The challenges posed by the epic turbulence in the price of oil will highlight how effective the boards of directors of different companies are in providing meaningful guidance and counsel to their CEOs. The advisory role of the board is all the more essential because three decades ago, during the last upheaval of this magnitude, the current cohort of CEOs were only junior or middle managers. Little of what was successful for them then will help now that they must lead entire companies rather than merely manage a team as they did when they were more junior. Most CEOs thus find themselves in uncharted territory.
Based on my experience working with hundreds of boards and CEOs in a range of market environments, there are three essential things boards can do to help their CEOs in this uncertain time. And because many CEOs may not know to ask for them, boards need to take the lead and provide them proactively.
Increase interaction between chair and CEO. Boards should be sensitive to the fact that CEOs may subconsciously view the current environment as a “test” of their leadership ability, with any calls for help to be interpreted as weakness. Of course, the exact opposite is true: even in the C-Suite and boardroom, the survival of downturns is a team effort. Let the CEO know that if there is a test, it is of his or her readiness to draw on the experience and perspective of the board to find the best solution.
Hold up the mirror. Even the best leaders are human and can take on unflattering characteristics during periods of extended volatility. Watch for common leadership styles that derail CEOs: leading by decree, having unrealistic performance expectations, or only taking a short-term view. Provide empathetic but firm feedback to help the CEO continue to be his or her best self.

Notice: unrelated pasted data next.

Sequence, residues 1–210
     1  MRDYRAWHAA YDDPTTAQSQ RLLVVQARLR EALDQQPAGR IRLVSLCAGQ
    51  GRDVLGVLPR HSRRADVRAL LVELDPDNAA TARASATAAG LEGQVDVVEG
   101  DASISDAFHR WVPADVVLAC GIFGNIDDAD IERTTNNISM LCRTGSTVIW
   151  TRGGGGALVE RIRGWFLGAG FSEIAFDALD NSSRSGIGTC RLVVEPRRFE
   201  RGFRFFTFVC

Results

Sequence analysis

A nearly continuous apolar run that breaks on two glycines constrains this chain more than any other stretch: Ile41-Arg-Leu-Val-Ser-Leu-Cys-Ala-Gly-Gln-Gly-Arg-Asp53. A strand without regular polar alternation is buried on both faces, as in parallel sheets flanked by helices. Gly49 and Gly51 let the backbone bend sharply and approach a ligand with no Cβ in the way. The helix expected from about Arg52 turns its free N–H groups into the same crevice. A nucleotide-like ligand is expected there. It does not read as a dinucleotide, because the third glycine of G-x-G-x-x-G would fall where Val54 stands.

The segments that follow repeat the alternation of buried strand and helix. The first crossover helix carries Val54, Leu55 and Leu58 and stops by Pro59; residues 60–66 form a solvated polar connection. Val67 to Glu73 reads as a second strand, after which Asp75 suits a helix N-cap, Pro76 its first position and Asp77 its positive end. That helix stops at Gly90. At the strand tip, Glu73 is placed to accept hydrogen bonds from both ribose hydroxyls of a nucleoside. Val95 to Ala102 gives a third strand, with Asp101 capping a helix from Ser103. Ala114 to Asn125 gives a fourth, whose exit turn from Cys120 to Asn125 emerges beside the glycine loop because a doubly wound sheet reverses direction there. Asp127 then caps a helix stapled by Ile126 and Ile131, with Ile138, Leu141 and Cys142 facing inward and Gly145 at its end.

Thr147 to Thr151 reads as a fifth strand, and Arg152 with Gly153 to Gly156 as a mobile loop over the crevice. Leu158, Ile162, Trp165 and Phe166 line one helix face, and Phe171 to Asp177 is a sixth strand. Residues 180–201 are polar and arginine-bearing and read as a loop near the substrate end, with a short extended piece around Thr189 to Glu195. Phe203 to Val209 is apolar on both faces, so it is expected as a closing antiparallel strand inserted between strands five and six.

Don’t let the crisis go to waste. It’s been said that experience is a harsh teacher because it gives the test first and the lesson afterward. In the same way, the current turbulence serves as an unforgiving but highly effective finishing school for future CEO candidates. Both the board and the CEO have a vested interest in leveraging this reality. Make sure the CEO draws upon his or her team, letting them hash out possible approaches. The CEO’s job isn’t to solve the problems solo, but create the environment of discussion and creative tension that leads to innovative solutions. Every person involved will become a better leader because of it.
From activist investors to ongoing regulatory scrutiny, energy company boards have their own challenges. In the current environment, however, the board’s number one priority needs to be giving their CEO the guidance and care needed to be the leader this dynamic period demands.
Steve Goodman, based in Houston, leads Egon Zehnder’s Energy Practice in North America, serving clients across all energy segments, and he is active in the firm’s Private Equity Practice. He has a major focus on CEO and board placements along with succession planning and board effectiveness consulting.